DIY Low Tunnel Hoops
April 21, 2010
So I’ve been really into the idea of extending the gardening season as well as protecting my cabbages, Brussels sprouts and broccoli from the dreaded white butterfly. I’ve been scouring the interwebs for a good project to take ideas from and ended up at Johnny’s Selected Seeds Quick Hoops Bender. Cool tool, eh? It’s also a cool $69 plus $32.45 for shipping. At just over $100 US, I couldn’t justify buying it and shipping it to Canada to only make a few hoops. I set myself to finding a do-it-yourself (DIY) solution.
When I first tackled this project I thought 3/4″ PVC pipe was the way to go. I’ve worked with it before when building props for Halloween (my other hobby) and I was used to the fittings and cutting of pipe, etc. After reading blogs and posts from different gardeners who’ve built their own low tunnel hoop houses, I realized that the PVC would be too fragile to overwinter in my cold climate. If I was going to build something, why not build something that will last?
Enter electrical metallic tubing (EMT), a.k.a. galvanized electrical conduit. These metal pipes are used to run electrical wiring in houses. All the sites I’ve read (US sites, I should add) mention how a 3/4″ – 10′ length of EMT only costs about $2. Great, I thought, this will be a cheap experiment. Checking my local hardware store, I found out the same pipe costs $8.48. I looked online at Lowe’s USA and found their price was $3.27, a whopping 2.6 times cheaper than here in Canada (btw, 1/2″ pipe up here is $4.98 and $1.87 down there. Ugh.). I decided the next trip across the border would have to include a stop to Lowes.
In the meantime, I needed to find a way to bend the EMT without the use of the Quick Hoops Bender or a pipe bender – a handy pipe-bending tool that I don’t have and don’t want to purchase. The problem would be to create the arc that the 10′ pipe would need to have so that the ends of the pipe would have a 4′ distance. Basically, I was trying to figure out how to recreate the pipe in this photo.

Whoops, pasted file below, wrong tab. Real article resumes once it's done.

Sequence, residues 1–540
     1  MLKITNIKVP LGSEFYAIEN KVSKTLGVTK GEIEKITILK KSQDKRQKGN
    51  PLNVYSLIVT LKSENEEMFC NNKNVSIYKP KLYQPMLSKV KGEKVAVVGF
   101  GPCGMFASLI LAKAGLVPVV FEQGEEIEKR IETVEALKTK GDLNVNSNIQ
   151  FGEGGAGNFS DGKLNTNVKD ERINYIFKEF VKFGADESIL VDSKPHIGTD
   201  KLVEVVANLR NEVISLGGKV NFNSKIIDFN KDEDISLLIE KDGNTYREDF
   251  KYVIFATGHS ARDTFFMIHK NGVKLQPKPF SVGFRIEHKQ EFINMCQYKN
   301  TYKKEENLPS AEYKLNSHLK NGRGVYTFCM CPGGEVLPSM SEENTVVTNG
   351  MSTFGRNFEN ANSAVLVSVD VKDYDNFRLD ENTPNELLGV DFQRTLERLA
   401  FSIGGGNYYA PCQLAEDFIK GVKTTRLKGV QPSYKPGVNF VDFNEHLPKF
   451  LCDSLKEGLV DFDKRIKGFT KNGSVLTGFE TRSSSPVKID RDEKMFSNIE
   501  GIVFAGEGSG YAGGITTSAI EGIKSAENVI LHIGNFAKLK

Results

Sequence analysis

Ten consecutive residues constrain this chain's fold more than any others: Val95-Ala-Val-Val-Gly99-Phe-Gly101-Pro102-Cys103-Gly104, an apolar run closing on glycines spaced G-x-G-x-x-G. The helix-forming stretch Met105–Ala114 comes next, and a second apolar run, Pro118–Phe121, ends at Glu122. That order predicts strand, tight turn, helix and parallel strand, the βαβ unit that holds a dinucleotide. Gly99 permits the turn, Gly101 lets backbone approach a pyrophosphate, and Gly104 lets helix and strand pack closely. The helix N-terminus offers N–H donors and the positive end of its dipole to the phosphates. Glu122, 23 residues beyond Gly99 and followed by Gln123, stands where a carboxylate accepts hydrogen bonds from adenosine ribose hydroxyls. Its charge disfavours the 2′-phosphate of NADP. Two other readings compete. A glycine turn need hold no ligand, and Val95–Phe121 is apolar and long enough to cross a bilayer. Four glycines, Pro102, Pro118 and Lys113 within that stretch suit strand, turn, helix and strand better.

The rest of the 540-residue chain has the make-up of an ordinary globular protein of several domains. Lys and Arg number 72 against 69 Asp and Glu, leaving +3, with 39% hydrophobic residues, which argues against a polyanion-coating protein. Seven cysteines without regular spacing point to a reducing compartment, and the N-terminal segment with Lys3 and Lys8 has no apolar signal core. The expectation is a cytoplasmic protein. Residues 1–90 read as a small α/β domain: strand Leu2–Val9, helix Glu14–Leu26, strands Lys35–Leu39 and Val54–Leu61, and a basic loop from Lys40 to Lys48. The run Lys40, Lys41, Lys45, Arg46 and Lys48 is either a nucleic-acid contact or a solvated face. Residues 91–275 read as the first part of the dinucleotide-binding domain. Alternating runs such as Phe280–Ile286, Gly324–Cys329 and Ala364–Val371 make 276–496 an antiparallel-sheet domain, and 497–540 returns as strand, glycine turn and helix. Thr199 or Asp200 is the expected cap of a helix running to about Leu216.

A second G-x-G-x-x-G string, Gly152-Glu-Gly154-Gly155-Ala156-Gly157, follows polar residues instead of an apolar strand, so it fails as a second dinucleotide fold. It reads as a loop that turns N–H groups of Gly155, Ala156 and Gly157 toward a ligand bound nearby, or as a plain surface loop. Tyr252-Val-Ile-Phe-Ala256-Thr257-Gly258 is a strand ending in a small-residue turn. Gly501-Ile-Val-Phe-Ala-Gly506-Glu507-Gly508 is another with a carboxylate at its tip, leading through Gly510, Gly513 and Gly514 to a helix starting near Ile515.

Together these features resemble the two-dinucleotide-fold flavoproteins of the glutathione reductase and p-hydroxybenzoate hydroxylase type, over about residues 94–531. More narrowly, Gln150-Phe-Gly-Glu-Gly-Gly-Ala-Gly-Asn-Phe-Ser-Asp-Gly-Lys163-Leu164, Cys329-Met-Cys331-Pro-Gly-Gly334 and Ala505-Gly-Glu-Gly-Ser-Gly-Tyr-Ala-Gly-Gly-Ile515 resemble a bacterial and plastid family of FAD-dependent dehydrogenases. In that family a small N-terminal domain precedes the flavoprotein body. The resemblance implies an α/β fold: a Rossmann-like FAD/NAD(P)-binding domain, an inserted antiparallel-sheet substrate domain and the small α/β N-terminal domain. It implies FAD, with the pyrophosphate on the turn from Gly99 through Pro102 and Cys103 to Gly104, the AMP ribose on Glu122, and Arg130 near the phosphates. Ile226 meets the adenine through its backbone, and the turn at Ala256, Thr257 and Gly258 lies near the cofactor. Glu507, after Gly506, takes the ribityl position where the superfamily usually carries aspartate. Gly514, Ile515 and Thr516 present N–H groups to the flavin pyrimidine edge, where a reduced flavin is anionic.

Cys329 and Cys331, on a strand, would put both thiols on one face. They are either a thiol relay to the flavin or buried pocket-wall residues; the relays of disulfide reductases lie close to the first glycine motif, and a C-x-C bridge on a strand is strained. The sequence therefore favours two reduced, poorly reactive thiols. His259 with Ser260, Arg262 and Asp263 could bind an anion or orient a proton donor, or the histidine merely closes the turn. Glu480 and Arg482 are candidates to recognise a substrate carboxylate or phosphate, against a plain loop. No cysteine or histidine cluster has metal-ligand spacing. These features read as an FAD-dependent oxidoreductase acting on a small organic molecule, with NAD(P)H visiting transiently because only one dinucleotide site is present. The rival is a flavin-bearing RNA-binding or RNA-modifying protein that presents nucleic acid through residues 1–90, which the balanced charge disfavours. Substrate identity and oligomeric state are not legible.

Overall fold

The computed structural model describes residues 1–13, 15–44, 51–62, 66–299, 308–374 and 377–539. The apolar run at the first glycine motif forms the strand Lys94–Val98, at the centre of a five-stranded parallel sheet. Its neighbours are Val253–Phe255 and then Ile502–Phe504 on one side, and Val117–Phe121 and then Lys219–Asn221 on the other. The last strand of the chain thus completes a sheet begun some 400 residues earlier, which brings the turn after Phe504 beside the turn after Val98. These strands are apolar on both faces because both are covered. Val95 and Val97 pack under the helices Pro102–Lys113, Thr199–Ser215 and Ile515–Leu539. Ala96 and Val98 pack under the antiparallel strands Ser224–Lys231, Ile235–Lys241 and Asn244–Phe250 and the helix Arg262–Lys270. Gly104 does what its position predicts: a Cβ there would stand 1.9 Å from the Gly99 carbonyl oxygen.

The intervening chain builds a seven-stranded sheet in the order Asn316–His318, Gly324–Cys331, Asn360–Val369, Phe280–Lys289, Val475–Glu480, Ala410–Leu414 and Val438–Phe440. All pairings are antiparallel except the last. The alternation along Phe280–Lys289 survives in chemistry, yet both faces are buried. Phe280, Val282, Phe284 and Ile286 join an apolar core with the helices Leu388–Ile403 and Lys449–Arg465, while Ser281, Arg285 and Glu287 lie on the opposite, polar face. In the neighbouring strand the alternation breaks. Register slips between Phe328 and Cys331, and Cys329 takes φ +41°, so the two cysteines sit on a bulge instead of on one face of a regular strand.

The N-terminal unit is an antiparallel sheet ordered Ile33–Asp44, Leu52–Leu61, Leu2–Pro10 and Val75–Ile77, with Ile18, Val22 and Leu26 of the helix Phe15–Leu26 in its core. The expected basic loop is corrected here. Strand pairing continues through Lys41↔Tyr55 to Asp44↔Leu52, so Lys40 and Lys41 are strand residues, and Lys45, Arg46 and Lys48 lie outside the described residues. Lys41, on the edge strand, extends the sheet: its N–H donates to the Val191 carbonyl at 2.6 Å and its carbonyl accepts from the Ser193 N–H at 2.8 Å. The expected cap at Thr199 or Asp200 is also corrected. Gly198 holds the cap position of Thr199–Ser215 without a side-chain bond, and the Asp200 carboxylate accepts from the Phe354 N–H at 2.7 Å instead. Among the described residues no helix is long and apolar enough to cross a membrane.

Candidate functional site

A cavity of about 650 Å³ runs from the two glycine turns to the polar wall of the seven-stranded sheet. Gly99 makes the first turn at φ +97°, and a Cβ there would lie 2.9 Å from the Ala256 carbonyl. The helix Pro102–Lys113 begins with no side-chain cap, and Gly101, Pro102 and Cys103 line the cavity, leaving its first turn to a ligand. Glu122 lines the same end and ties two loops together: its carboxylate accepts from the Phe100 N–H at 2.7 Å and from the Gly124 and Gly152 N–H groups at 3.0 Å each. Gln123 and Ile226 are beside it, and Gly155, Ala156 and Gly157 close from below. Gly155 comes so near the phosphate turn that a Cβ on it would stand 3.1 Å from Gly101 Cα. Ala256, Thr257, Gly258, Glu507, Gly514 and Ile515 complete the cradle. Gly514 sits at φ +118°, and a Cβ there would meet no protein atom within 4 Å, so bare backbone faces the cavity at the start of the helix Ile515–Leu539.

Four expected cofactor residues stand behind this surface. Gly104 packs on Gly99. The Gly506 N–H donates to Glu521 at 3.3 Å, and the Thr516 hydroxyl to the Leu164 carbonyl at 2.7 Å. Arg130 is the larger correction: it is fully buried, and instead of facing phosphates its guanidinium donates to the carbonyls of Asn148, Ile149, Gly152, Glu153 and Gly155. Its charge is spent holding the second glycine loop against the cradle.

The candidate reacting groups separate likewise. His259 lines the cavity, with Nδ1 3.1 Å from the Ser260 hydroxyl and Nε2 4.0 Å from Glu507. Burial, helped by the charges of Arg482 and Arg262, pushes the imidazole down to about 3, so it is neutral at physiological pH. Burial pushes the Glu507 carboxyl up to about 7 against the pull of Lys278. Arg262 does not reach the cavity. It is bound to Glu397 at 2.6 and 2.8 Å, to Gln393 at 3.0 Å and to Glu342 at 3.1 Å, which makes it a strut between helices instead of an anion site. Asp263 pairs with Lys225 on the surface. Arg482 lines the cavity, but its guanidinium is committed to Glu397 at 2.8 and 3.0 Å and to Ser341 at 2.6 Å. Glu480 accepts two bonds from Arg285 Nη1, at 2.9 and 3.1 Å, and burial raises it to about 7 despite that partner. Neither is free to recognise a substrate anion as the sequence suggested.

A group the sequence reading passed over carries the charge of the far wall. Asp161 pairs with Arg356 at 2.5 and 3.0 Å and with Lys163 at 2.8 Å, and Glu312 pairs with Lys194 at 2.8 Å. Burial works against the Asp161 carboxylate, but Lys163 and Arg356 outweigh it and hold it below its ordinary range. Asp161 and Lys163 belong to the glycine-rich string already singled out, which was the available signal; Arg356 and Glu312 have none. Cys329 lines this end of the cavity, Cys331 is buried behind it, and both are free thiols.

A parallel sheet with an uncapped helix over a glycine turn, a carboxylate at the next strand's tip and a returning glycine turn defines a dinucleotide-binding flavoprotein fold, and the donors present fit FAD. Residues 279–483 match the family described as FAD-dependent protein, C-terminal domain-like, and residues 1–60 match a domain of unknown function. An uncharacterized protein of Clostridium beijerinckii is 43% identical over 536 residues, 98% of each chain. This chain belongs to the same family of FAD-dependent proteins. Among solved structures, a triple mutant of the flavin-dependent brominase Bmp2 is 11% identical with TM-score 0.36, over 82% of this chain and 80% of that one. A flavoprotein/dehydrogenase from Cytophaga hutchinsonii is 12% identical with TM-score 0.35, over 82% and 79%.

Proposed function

To start my experiment, I bought one 1/2″ EMT, one 3/4″ EMT and one 3/4″ PVC pipe, all in our high Canadian prices.
Reviewing the Quick Hoops Bender manual (PDF), revealed that each hoop was to be extended 16″ beyond the end of the bender, i.e., there would be 16″ of straight EMT on either ends of the pipe. I pounded scrap rebar into the ground until it was at a height of 16 inches:
I pounded another piece of scrap rebar into the ground 4′ away:
I took my 3/4″ PVC bendy pipe and stuck the ends on the rebar:
Stepping back, I had a 10′ long and 4′ diameter arc!
It’s not as perfect-looking as the Johnny’s picture but I didn’t care. I dragged out a large piece of scrap plywood and placed it behind the pipe:
I took a Sharpie and traced the inside of the arc onto the plywood:
My next step will be to drill screws at 18″ intervals along the line to create a jig around which to bend the pipe. Having two different diameter pipe will help me figure out which one is more suitable for this experiment. Once I’ve got a few hoops made, I can then put them in my garden and cover it with remay to protect all my brassicas.